HR’s front-line M&A role (Web sight)

People and culture critical to merger's success

The merger of two companies is a huge HR challenge. In addition to working on operational and staffing issues, as well as integrating compensation and benefits, human resources professionals can play a major role in helping integrate the culture of the two firms before, during and after a merger. Since people and culture are critical factors in a merger’s success, the HR department should be on the front lines right from the start in managing the entire process, including due diligence, integration planning, implementation and post-merger.

HR ready to step up

www.towersperrin.com/tp/getwebcachedoc?webc=HRS/USA/2004/200412/TPTrack_MA.pdf

Towers Perrin interviewed more than 200 HR professionals in the United States and Canada to produce this report, entitled HR Rises to the Challenge: Unlocking the Value of M&A. Its research “confirms HR’s growing sense of confidence in its ability to provide both strategic and tactical advice in future deals.” The report says fully ready M&A companies are involving the HR department earlier in the process. “Ultimately, our survey presents heartening evidence that HR is poised to play an increasingly significant role in this arena.” As one survey participant says, “HR should be involved from the start and must acquire as much data as possible on employees, benefit plans, costs and the companies’ cultures. Effective due diligence by HR may tip the decision whether or not to proceed because HR can see things the legal and finance people don’t see.”

Helping other departments

www.hrmreport.com/pastissue/article.asp?art=25620&issue=145

According to “Making mergers meaningful” on the Human Resources Management site, “M&As have huge internal ramifications for staff and it is no exaggeration to say that many mergers and acquisitions live or die according to the integrative actions of the human resources teams.” In addition to working on its own post-merger integration issues, HR must also help other departments through their transitions. Although the “integration of the HR function, its systems and people programs is integral to a successful merger, it is often in danger of being neglected during the whirlwind of M&A activity.” The author recommends that HR teams “get their own department in order as quickly as possible to ensure that they can offer optimal assistance to other departments.”

Warning signs

www.kshstrategyhouse.com/pdf/earlywar.pdf

This PDF document, Early Warning Signals of a Merger (Cultural Integration) Going Awry, written by a PricewaterhouseCoopers LLP partner, is about a merger between two firms — one American and one European. The author spells out the warning signals that are easily missed since organizations tend to treat cultural integration as a post-merger consideration. “However, there is evidence that early warning signals of potential cultural integration problems can portend problems and offer significant opportunities. This means that HR may have a more significant role to play during the due diligence related to a merger in compiling and analyzing data, advocating culturally effective approaches and helping other team members interpret the data.” The author includes a nine-point plan HR can follow during a merger, including getting the ear of a management team member and getting on the due diligence planning or review team. The author concludes: “At the end of the day, HR input might not lead to a change in the ultimate go/no go decision — but then again, it might.”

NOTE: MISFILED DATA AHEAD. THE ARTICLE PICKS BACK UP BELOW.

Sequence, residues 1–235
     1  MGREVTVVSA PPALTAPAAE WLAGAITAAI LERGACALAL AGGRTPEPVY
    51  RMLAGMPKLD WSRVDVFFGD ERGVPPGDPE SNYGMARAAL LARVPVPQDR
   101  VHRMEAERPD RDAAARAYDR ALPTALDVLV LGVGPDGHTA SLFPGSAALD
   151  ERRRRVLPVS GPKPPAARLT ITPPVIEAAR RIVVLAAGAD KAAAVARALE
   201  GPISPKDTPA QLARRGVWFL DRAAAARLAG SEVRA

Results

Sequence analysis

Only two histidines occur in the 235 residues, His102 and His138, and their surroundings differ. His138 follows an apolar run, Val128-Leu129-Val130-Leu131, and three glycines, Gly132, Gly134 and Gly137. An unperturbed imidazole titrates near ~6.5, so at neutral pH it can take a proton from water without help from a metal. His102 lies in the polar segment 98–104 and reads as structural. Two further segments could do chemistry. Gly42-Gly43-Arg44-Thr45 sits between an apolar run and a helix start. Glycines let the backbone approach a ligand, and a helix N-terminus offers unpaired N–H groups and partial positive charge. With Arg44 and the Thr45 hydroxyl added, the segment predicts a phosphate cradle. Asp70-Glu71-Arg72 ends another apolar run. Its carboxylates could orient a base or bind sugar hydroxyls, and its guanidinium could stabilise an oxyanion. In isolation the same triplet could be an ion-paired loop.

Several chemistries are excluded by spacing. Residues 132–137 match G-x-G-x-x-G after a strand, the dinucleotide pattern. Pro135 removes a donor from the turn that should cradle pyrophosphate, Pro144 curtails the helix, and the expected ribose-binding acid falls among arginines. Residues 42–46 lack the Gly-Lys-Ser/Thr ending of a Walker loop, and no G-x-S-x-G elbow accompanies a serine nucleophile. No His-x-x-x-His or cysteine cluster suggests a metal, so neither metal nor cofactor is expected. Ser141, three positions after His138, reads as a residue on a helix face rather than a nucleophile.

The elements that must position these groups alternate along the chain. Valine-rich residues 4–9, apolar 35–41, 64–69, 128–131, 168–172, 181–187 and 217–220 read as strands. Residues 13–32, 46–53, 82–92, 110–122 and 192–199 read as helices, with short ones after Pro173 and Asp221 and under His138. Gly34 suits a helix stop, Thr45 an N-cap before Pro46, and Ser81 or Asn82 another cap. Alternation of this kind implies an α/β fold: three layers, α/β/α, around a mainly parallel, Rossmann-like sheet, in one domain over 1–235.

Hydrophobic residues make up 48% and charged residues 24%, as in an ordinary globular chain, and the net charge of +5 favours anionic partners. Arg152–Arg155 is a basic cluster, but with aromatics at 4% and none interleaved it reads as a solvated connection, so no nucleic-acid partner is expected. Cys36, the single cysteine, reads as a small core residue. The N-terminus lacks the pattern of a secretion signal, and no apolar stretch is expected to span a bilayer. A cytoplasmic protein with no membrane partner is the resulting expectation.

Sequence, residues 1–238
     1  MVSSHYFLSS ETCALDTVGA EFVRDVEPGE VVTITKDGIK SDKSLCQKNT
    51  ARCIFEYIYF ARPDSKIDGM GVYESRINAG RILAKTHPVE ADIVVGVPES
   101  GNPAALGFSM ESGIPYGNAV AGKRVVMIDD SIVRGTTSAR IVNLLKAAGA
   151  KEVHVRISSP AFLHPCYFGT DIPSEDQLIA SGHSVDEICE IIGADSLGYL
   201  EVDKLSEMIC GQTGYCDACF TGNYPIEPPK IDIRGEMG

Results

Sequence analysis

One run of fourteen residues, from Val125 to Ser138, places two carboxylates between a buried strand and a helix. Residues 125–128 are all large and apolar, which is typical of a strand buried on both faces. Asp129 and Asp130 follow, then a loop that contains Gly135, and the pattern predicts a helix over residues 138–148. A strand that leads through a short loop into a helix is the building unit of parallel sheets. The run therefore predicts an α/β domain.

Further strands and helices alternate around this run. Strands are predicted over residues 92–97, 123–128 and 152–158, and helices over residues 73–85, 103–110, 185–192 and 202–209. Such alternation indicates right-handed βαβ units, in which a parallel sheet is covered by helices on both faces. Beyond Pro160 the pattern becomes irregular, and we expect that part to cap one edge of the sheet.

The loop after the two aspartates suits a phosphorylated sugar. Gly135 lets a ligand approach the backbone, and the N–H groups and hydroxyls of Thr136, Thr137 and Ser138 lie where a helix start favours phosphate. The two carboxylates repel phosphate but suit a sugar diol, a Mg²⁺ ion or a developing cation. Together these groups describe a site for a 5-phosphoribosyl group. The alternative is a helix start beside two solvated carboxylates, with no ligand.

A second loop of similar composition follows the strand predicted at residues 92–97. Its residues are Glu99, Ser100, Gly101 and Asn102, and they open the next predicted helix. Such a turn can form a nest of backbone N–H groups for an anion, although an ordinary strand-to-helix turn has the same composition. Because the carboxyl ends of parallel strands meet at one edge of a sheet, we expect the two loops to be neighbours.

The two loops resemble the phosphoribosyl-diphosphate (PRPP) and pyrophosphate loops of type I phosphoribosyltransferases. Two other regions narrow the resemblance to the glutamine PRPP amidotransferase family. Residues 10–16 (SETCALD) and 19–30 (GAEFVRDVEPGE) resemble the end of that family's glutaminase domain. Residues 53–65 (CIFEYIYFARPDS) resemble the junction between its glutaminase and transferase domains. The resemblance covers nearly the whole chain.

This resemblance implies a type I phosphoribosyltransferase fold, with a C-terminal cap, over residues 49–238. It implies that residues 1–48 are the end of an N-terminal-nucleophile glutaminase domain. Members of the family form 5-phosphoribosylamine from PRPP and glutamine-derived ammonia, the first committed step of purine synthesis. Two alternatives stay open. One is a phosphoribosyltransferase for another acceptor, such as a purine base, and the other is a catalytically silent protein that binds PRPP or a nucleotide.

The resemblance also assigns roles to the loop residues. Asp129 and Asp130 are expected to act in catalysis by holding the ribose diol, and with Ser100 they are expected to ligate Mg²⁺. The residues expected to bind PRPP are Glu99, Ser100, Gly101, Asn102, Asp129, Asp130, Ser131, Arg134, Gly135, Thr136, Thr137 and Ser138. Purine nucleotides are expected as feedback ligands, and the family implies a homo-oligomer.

Keeping a pulse on culture

www.veritude.com/ResourceCenter/ResourceView.aspx?id=1372

The article “HR Can Head Off Merger-Killing Culture Clashes” describes several ways HR can help harmonize issues ranging from compensation to dress guidelines. Start during the due diligence stage to get a sense of the other company’s environment, leadership styles and employee issues. “HR managers can also search for public documents, as well as make personal observations as to how decisions are made and what kinds of people and behaviour are rewarded.” Once the companies have merged, dig deeper. “Relevant questions include: What’s encouraged here? What’s forbidden? What’s really valued? What are employees held accountable for? What are people rewarded for?” Talk to employees about the company. After collecting the information, assess potential conflicts and identify those most crucial to resolve. HR can also play a role in minimizing the fear, uncertainty and doubt that comes with integrating two cultures. As one expert interviewed says, an ongoing merger of cultures “is something you have to keep a pulse on all the time.”

Ann Macaulay is a freelance editor and regular contributor to Canadian HR Reporter. Her Web Sight column appears regularly in the CloseUp section.

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